U.K. government could drop Microsoft over license fees

The U.K. government may stop using Microsoft Corp. as its main software supplier due to a rise in licensing fees that could raise costs by as much as 200 percent.

"Depending on the system, Microsoft is asking for a rise in licence fees of between 50 percent and 200 percent on government contracts," said Martin Day, spokesman for the Office of Government Commerce (OGC) on Monday.

The OGC is in talks with Microsoft over a single contract to supply its Office and Windows software to the country's 497,600 public servants, Day confirmed. The U.K. government currently spends approximately 120 million pounds (US$169 million) a year on the direct purchase of Microsoft products, and believes the increased licensing fees would add up to 60 million pounds a year to the bill, Day said.

Though Day could not comment on progress in talks between the government and Microsoft, he said one of the possible steps the government could take is to look elsewhere for its software needs.

The OGC was established in April 2000 by the U.K. government as a Treasury agency to modernize its IT procurement procedure, assuring that the government gets value for the money it spends on IT.

A Microsoft spokeswoman confirmed that talks were taking place, but would give no details of the company's initial proposals.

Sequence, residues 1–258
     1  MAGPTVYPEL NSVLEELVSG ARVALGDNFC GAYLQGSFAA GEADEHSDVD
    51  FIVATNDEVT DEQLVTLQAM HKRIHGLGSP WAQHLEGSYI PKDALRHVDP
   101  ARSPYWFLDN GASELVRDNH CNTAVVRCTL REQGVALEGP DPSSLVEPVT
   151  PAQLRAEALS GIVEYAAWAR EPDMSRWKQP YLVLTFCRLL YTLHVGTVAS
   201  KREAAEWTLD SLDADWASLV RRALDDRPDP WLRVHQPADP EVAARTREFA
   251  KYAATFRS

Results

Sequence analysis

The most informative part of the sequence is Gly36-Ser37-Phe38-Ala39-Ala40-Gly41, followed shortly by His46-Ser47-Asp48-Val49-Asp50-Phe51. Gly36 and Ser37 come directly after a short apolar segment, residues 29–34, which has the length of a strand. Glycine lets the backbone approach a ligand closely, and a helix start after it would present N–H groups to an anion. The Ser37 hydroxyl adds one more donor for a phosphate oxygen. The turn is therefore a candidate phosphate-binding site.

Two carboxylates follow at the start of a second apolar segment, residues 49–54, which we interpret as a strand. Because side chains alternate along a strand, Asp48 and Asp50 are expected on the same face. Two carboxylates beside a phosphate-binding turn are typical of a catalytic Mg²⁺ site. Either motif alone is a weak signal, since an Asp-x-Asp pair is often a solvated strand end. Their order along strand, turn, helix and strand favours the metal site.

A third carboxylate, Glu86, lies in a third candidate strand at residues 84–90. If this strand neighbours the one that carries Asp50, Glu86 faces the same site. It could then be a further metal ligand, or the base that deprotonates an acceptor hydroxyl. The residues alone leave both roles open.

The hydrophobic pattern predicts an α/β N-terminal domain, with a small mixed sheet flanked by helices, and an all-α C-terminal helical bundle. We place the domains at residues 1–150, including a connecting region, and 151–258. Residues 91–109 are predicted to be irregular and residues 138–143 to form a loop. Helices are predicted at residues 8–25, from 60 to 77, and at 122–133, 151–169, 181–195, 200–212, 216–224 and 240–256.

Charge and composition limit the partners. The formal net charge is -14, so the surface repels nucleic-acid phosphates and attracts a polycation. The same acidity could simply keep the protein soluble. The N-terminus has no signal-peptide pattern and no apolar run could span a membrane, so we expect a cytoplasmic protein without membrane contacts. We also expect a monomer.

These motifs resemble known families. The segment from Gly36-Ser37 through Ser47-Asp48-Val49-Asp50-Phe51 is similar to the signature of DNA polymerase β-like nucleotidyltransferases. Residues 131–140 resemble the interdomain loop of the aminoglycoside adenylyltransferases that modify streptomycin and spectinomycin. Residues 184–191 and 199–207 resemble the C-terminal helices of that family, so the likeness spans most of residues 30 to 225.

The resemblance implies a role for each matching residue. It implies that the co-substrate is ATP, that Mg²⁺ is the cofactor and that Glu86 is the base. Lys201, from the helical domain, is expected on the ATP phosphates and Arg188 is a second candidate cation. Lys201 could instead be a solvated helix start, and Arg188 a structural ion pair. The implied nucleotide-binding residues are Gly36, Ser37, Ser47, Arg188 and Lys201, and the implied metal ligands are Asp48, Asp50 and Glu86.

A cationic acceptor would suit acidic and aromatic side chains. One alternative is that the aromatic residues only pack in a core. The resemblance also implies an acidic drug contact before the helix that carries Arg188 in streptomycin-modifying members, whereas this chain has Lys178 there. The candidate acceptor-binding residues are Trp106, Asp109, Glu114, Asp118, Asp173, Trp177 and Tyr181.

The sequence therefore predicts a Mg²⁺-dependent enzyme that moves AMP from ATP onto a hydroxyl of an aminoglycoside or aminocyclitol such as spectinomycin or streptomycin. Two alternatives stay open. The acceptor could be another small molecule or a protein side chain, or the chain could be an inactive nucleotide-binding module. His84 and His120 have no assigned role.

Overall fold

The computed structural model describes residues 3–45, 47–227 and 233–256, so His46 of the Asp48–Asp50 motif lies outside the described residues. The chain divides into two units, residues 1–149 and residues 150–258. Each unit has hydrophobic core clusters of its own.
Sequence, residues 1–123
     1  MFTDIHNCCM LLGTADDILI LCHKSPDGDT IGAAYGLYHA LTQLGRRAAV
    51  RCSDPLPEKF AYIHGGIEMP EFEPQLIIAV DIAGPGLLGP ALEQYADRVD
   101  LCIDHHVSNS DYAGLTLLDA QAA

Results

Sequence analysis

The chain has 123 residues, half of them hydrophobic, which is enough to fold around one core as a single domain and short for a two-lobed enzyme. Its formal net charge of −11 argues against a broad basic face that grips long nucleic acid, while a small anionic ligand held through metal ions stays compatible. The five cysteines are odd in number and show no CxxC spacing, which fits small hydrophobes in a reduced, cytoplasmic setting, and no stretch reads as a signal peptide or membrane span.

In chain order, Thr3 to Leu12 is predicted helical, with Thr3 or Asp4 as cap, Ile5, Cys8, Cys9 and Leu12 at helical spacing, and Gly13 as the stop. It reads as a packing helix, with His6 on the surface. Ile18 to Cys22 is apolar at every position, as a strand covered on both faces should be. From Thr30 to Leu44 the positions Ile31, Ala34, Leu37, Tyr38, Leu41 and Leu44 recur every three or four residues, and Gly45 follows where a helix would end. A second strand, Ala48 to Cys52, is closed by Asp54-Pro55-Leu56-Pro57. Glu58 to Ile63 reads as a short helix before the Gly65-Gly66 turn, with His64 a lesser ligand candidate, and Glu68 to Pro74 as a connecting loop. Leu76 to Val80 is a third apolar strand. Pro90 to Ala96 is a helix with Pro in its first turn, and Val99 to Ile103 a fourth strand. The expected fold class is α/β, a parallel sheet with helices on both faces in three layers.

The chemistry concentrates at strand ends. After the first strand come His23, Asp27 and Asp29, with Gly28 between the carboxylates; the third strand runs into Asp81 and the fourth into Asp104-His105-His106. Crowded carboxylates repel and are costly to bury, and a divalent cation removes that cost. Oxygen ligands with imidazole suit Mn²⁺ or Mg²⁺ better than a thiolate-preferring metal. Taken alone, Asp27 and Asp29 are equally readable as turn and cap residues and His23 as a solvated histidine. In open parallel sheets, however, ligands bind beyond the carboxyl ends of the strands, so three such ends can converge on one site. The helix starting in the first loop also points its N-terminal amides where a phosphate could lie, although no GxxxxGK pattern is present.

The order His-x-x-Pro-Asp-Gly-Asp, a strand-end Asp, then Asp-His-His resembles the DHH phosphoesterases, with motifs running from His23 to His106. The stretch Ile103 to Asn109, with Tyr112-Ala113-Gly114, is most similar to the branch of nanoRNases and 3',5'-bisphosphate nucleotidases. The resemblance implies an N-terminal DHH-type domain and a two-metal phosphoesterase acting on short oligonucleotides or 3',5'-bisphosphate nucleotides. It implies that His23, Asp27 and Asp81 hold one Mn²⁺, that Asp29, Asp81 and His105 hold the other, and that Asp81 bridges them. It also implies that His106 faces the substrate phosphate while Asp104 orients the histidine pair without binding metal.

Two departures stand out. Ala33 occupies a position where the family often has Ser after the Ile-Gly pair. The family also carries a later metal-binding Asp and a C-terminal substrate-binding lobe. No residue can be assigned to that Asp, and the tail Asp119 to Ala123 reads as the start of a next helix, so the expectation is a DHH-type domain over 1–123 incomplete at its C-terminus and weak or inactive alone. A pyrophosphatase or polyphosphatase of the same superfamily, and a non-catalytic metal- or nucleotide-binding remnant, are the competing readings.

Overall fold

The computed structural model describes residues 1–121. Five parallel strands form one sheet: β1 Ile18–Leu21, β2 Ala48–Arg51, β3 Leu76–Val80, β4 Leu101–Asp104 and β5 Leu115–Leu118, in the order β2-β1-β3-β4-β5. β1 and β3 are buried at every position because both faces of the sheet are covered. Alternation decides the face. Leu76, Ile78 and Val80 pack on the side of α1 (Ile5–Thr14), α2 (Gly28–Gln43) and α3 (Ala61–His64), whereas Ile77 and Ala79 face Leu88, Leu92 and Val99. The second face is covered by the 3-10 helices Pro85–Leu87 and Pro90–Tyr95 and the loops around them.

"Neil Holloway, Microsoft's U.K. chief, is involved with ongoing talks over license fees with the U.K. government," she said.

Microsoft has come under heavy criticism for its revamped licensing schemes for both corporate and home use of Windows and Office.

For example, when Microsoft launched Office XP in May, it also announced it would eliminate certain upgrades from previous versions. Users would have a deadline for upgrading their licensing rights after which they would have to buy new licenses for Office XP -- at a cost of to US$300 more per user -- if they wanted to have upgrade protection. Due to complaints from corporate users, Microsoft has twice pushed back the deadline for upgrading licenses. During the London release of Windows XP last month, Microsoft Chief Executive Officer Steve Ballmer addressed the controversial theme of the new licensing agreements for corporate customers, saying that the company had received a lot of feedback from customers, especially in the U.K. and France, but that he felt Microsoft had now addressed the problem by extending the deadlines. According to a report in The Times newspaper Saturday quoting "government insiders," the U.K. government has already begun examining switching to alternative software suppliers.

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Laura Rohde

Computerworld
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